Cookbook Tester: Everyday Harumi

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Tofu with spicy minced meat sauce (Japanese-style mabo dofu)
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Mackerel cooked in miso
Harumi Kurihara is Japan's most popular cookbook writer and food authority--she has books, a magazine, and shops where she sells her cookware and clothing lines. She's like Martha Stewart, Nigella Lawson and Australia's Donna Hay wrapped up into one.

She's famous enough to go by one name--Harumi--and likes to call herself a "simple housewife," which is probably key to her appeal. Everyday Harumi, published this month, is her third cookbook available in English. The home-style recipes are organized by main ingredient or flavor: Shellfish, noodles, eggs, tofu, miso, ginger, sesame, and so on.

It's a lovely book, full of dishes that you want to eat--katsudon; pork and vegetable miso soup--and the recipes are generally easy to follow, except that information is occasionally left out. The recipe for dashi stock, for instance, calls for 2-by-4-inch pieces of kombu. How many? We used four, and had a good result. Some recipes say heat "a little" oil in a skillet, or ask you to blanch tofu but don't say for how long. We tend not to mind this very much, as it makes the cook pay attention and do what seems right without hand-holding. On the other hand, bear in mind these omissions if you want to buy the book.

We tested tofu with spicy minced meat sauce (a Japanese variation on mabo dofu), and mackerel cooked in miso. You can get all the groceries you need for both recipes at Sunrise Mart (29 Third Avenue).

Click through for the recipes.

Tofu with a Spicy Minced Meat Sauce
Yield: 4 servings
From Everyday Harumi
Harumi writes that Sichuan mabo dofu is greatly loved in Japan, but that this is her lighter, milder Japanese version. She suggests using Japanese soy sauce for this recipe. For the chiles, use dried red chiles de arbol, or the small, pointed dried red chiles you find at an Asian or Indian grocery. Superfine sugar is nice to have, but regular granulated sugar also works. Serve with white or brown rice.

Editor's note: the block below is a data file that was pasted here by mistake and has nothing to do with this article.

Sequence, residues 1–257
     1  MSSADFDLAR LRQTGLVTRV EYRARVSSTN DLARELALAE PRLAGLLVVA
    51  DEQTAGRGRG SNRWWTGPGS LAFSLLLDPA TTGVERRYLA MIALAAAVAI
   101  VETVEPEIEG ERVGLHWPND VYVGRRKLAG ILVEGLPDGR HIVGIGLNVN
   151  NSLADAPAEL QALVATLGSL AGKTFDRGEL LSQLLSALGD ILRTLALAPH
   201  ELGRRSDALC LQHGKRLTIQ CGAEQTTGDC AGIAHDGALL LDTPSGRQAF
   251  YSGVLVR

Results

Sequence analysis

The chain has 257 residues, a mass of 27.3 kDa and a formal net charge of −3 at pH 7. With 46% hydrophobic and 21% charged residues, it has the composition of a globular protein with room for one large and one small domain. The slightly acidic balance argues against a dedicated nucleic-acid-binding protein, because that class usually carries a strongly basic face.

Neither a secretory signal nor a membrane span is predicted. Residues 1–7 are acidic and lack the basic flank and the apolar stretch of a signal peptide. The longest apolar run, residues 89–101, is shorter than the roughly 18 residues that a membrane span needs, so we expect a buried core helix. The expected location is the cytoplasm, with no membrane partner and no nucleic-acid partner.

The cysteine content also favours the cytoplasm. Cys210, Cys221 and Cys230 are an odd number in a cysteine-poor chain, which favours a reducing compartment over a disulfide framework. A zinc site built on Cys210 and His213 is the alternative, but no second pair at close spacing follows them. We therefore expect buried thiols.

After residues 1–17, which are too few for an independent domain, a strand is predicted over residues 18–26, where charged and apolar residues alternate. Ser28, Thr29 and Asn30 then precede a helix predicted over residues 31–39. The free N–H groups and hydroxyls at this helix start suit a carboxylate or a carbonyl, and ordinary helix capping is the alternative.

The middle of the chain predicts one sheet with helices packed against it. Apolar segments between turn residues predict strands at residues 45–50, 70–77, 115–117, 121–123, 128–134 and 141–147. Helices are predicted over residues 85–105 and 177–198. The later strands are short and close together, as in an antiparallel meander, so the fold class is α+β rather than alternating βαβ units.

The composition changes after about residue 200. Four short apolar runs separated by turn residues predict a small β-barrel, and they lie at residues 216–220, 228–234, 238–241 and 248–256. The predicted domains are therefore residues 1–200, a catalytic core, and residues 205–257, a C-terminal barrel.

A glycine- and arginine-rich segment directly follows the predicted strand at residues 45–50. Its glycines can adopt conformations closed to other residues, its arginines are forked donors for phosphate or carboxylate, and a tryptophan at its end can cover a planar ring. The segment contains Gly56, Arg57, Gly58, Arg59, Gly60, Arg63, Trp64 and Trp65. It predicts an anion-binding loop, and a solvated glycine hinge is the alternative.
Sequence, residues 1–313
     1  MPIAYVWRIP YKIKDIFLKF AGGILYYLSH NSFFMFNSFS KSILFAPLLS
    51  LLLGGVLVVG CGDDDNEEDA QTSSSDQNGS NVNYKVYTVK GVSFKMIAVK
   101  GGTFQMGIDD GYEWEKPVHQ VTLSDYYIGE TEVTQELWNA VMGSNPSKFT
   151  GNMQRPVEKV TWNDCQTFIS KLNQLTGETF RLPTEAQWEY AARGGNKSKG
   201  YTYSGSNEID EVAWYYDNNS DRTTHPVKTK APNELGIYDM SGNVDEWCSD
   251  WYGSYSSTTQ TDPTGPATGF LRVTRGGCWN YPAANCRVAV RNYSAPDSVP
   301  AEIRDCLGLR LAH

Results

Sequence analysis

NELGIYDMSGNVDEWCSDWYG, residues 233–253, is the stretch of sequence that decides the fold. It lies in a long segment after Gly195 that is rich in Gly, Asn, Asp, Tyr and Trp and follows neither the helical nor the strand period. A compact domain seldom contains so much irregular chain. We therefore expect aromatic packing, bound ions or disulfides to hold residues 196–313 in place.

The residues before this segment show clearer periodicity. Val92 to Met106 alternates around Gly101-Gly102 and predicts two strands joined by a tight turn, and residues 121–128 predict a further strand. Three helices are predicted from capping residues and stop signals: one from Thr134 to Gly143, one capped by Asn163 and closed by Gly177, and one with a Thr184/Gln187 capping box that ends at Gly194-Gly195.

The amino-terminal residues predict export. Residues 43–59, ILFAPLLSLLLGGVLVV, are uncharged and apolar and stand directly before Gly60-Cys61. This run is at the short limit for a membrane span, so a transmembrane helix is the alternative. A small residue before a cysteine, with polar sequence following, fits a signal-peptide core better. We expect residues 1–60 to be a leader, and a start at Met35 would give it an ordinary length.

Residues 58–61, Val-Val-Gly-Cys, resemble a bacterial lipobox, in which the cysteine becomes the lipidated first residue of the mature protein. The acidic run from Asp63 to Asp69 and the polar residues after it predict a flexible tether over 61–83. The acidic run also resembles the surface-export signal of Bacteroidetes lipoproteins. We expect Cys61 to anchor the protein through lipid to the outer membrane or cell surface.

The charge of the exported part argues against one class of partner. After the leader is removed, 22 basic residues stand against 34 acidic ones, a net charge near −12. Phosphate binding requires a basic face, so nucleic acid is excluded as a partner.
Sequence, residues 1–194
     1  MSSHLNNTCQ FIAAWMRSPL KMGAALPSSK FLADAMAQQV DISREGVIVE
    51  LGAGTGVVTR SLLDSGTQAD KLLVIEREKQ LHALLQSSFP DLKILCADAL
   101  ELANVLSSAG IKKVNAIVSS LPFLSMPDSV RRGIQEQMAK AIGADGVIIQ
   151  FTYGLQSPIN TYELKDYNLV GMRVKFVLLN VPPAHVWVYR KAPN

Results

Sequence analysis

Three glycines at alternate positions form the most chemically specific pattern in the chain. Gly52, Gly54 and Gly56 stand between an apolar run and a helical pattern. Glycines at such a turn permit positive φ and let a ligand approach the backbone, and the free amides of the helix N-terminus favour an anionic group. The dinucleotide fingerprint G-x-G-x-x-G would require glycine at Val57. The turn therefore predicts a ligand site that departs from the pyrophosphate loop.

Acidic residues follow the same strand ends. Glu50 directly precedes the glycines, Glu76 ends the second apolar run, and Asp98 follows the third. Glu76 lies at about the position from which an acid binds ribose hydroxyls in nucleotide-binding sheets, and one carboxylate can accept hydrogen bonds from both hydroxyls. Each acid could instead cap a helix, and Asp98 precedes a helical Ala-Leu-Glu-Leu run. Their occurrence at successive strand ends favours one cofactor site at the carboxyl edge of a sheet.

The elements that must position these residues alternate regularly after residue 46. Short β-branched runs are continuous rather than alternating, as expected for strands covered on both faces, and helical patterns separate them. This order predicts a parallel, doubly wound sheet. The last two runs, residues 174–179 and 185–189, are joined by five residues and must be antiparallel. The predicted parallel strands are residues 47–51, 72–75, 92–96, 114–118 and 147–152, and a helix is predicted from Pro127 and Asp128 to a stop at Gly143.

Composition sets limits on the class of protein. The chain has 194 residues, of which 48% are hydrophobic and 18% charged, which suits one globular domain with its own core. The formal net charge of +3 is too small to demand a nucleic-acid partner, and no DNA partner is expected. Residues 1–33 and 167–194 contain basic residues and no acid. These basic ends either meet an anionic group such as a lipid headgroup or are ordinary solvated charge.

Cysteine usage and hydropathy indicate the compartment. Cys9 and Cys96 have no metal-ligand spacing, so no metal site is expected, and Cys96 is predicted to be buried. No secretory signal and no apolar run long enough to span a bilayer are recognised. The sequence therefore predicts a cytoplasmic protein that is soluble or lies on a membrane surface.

1 1/4 cups dashi stock (see recipe below)
1/4 cup soy sauce
1 tablespoon superfine sugar
1 tablespoon sake
2 tablespoons mirin
2 fat cloves garlic
1/2 ounce fresh ginger, peeled
2 scallions
1 pound, 5 ounces silken tofu
salt
vegetable oil
7 ounces ground pork or beef
2 dried red chiles, sliced into rings
1 tablespoon cornstarch mixed with 1 tablespoon cold water

In a bowl, combine the dashi, soy sauce, sugar, sake, and mirin. Stir until the sugar dissolves. Set aside. Finely chop the garlic, ginger and scallions. Set aside.

Drain the tofu, then cut into 1/2-inch square pieces. Bring a pot of salted water to a boil, and briefly blanch the tofu, until slightly firm. Drain tofu in a strainer.

Heat a little oil [2 tablespoons works well] in a deep skillet or wok, and fry the garlic, ginger and scallions until fragrant. Add the ground meat, and brown. Add the chiles, and cook for two minutes, stirring. Pour in the dashi mixture, bring to a boil, and then carefully add the tofu.

Add the cornstarch-water slurry, stir until the sauce thickens, and serve.

Dashi Stock
Yield: 1 quart
From Everyday Harumi
Although this recipes does not specify the amount of kombu, four pieces result in a good dashi.

2-by-4-inch pieces kombu seaweed (dried kelp)
2 ounces katsuobushi (bonito, or dried fish flakes)

Into a large saucepan, pour 4 cups of water. Rinse the kombu briefly under cold running water, and then pat dry. Add the kombu to the water in the pot, and let it soak for 30 minutes.

Put the saucepan over high heat, and remove the kombu just before the water comes to a boil. Add the katsuobushi (bonito), bring back to a boil, and then immediately turn off the heat.

Let the dashi stand until most of the bonito flakes have sunk to the bottom of the saucepan. Line a strainer with a paper towel, and strain the mixture through it into a bowl. Keep the dashi in the refrigerator until ready to use.


Mackerel Cooked in Miso
Yield: 2 to 4 servings
From Everyday Harumi
Awase miso is a mix of red and white miso that is available at Japanese groceries. If you can't find it, use whatever miso you can find.

8 ounces mackerel fillets, with skin on
1 1/4 ounces fresh ginger, peeled
1 cup sake
3 tablespoons awase miso
3 tablespoons superfine sugar
1/4 cup mirin
1/4 cup soy sauce

Cut the mackerel into 4-5 pieces. Slice the ginger thinly. In a small saucepan, combine the sake, miso, sugar, mirin, and soy sauce, and bring to a boil. Place the mackerel in a single layer in the liquid, along with the ginger. Bring to a boil again, cover the pan, and cook on low heat for about 10 minutes. Serve with the sauce poured over the fish.



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